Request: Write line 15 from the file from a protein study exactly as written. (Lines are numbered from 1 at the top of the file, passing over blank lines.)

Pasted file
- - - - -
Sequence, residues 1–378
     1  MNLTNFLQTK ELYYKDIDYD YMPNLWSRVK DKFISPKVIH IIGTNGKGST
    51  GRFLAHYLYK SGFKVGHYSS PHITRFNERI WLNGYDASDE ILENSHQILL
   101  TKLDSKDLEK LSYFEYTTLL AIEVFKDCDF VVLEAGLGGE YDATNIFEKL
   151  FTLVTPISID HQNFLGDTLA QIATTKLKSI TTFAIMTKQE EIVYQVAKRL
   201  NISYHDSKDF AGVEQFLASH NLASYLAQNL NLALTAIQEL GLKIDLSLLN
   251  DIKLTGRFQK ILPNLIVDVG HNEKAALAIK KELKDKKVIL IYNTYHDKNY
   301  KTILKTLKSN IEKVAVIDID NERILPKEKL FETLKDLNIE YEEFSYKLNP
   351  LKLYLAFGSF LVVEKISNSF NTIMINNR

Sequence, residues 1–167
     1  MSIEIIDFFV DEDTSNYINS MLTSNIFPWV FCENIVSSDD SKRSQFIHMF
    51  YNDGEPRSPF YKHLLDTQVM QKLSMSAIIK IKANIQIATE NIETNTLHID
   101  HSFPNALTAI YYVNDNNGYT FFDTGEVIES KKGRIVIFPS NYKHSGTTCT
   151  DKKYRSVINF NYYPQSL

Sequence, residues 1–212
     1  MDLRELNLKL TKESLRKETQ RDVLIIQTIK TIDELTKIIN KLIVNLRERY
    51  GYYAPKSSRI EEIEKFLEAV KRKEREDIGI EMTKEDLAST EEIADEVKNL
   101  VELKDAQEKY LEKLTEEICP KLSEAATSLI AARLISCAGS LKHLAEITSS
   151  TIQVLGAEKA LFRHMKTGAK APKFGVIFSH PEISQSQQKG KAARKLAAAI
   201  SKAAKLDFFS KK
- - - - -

Sequence, residues 1–212